"Decisions about self-disclosure - whether to reveal one's thoughts, feelings, or past experiences to another person, or the level of intimacy of such disclosure - are part of the everyday life of most persons" (Derlega and Berg, 1987, p. ix). The decisions one makes on the issue of whether or not to self-disclose with others affects not only the types of relationships one will have with others and how they are perceived, but also how well they know themselves. Clearly, self-disclosure plays a major role in the development of close relationships. Irwin Altman and Dalmas Taylor, the theorists behind Social Penetration theory, recognized this fact and designed their theory to illustrate and explain this process of self-disclosure through social penetration. In this paper, I will explain Altman and Taylor's Social Penetration theory and the framework behind it, offer come critiques that have been made about the theory by other communication scholars, and present examples of studies conducted using the ideas of social penetration.
To understand the idea of Social Penetration theory, one must first understand the ideas behind it, and more specifically, its framework. The theory focuses around the idea that within every relationship social penetration processes exist. Altman and Taylor (1973) explain that these processes include "verbal exchange, nonverbal use of the body, use of the physical environment, and interpersonal perceptions - all of which are exhibited at different levels of intimacy of encounter" (p. 3). The goal of Social Penetration theory is to describe the "formation, maintenance, and dissolution of close relationships" (Derlega & Berg, 1987, p. 5).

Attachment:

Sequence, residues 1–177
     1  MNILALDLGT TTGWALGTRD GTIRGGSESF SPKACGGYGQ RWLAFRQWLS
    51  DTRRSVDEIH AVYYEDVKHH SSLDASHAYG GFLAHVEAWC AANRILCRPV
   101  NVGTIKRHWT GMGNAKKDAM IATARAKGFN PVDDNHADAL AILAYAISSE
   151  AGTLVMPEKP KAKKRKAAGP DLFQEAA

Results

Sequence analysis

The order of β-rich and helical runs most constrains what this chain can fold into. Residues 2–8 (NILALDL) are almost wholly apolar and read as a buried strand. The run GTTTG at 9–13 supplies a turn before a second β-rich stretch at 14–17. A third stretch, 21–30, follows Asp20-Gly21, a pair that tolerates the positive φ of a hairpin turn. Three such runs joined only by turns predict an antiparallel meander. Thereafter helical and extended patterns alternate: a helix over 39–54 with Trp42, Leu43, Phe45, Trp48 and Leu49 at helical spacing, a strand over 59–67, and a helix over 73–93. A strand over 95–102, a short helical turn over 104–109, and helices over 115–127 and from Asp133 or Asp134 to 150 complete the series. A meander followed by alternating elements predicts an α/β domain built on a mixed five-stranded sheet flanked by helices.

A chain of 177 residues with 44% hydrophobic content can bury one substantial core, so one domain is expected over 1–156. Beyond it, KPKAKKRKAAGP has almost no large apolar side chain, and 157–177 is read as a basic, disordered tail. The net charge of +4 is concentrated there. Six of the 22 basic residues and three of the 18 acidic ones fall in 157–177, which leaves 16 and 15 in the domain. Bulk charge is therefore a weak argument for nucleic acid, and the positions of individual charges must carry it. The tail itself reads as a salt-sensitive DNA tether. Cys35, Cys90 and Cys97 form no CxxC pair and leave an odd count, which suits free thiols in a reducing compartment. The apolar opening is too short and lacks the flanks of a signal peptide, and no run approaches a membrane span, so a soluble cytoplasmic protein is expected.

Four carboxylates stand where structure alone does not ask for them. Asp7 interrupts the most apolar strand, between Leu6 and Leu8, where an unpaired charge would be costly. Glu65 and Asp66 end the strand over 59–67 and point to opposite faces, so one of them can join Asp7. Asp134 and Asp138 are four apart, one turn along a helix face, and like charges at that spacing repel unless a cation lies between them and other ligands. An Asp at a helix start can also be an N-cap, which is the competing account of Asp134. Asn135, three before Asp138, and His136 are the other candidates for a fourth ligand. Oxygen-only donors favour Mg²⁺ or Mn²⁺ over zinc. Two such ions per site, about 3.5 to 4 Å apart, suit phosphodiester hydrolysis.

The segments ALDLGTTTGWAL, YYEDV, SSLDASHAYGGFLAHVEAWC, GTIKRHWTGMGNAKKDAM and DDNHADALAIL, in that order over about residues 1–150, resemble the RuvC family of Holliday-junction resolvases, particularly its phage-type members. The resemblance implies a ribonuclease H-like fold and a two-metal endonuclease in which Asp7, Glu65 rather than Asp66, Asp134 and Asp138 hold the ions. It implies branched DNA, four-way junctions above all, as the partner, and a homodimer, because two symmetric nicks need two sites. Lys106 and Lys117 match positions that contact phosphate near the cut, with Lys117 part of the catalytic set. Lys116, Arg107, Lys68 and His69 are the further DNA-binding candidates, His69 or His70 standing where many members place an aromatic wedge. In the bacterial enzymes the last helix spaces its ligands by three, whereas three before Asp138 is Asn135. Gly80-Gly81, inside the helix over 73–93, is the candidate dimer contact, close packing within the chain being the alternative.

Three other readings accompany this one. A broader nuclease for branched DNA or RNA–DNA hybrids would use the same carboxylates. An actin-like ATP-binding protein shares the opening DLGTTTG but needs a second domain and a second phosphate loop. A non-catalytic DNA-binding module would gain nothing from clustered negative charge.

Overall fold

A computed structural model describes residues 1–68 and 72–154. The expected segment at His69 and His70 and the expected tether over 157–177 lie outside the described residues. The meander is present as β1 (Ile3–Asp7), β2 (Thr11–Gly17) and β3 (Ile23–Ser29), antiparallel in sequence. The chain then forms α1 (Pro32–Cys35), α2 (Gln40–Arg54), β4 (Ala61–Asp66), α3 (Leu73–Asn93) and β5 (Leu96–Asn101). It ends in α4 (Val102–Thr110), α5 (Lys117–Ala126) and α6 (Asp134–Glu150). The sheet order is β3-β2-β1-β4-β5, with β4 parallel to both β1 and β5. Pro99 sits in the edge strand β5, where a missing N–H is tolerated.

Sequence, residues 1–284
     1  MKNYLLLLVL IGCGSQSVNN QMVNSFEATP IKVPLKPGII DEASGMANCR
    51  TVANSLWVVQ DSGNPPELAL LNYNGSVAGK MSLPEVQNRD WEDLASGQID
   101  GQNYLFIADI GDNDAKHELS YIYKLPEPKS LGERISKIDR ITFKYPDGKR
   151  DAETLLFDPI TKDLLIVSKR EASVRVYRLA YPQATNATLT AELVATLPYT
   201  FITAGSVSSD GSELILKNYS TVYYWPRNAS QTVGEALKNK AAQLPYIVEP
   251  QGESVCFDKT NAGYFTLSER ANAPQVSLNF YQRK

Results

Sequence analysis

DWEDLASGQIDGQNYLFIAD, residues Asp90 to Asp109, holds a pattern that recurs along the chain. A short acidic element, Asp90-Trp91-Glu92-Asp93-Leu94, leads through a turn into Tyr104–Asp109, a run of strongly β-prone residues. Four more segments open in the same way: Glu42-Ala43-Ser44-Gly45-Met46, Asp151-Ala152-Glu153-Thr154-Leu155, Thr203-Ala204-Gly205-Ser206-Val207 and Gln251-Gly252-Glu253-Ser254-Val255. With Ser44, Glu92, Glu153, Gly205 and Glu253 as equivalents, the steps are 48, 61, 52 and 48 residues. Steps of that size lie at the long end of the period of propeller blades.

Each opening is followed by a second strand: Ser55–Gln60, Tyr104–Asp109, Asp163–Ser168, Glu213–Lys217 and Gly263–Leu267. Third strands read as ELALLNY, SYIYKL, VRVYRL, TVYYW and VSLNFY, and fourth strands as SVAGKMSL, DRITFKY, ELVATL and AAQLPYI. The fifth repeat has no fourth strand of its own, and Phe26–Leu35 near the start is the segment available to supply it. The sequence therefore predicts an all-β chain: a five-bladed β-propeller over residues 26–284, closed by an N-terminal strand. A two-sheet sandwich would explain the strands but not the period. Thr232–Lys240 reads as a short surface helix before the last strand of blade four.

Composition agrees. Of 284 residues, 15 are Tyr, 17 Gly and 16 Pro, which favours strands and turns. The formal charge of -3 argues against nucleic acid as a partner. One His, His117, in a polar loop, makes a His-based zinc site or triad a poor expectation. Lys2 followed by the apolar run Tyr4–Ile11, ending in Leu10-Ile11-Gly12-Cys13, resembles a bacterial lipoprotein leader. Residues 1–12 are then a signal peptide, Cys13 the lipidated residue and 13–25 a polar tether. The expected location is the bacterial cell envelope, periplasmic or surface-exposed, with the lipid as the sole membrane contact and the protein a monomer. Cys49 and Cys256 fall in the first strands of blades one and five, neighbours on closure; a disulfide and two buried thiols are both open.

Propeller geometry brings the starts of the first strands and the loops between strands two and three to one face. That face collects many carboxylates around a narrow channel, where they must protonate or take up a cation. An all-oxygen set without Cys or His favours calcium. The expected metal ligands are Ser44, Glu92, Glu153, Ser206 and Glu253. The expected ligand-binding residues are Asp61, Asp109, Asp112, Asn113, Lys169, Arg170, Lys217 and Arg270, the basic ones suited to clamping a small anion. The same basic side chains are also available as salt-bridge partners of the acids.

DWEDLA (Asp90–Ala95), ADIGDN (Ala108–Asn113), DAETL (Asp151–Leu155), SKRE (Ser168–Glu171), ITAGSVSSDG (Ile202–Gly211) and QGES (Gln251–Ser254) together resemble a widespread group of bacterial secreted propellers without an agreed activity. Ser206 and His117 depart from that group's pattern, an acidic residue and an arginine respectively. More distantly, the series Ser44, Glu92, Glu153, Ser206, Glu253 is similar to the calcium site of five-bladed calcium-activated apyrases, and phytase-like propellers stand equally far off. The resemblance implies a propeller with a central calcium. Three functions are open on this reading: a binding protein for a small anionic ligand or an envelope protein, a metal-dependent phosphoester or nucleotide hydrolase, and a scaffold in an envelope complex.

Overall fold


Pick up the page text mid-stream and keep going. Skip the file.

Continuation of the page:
According to the theory, the form...
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...ocial penetration theory. I used Griffin's text mainly as a source for my critiques of the theory.
Jourard, S. M. (1971). Self-disclosure: an experimental analysis of the transparent self. New York, NY: John Wiley & Sons, Inc.
This publication is another psychology oriented edition about self-disclosure. I didn't use any information from this book because it was all repetition from the other sources I gathered. I used the other source information because I found it more reputable.
Tannen, D. (1986). That's not what I mean! How conversational style makes or breaks relationships. New York, NY: Ballantine.
Deborah Tannen, the author, is the theorist behind genderlects. The only information I used from this book was the quote about the differences between how men and women are seasoned to communicate. Nothing else was relevant to my topic.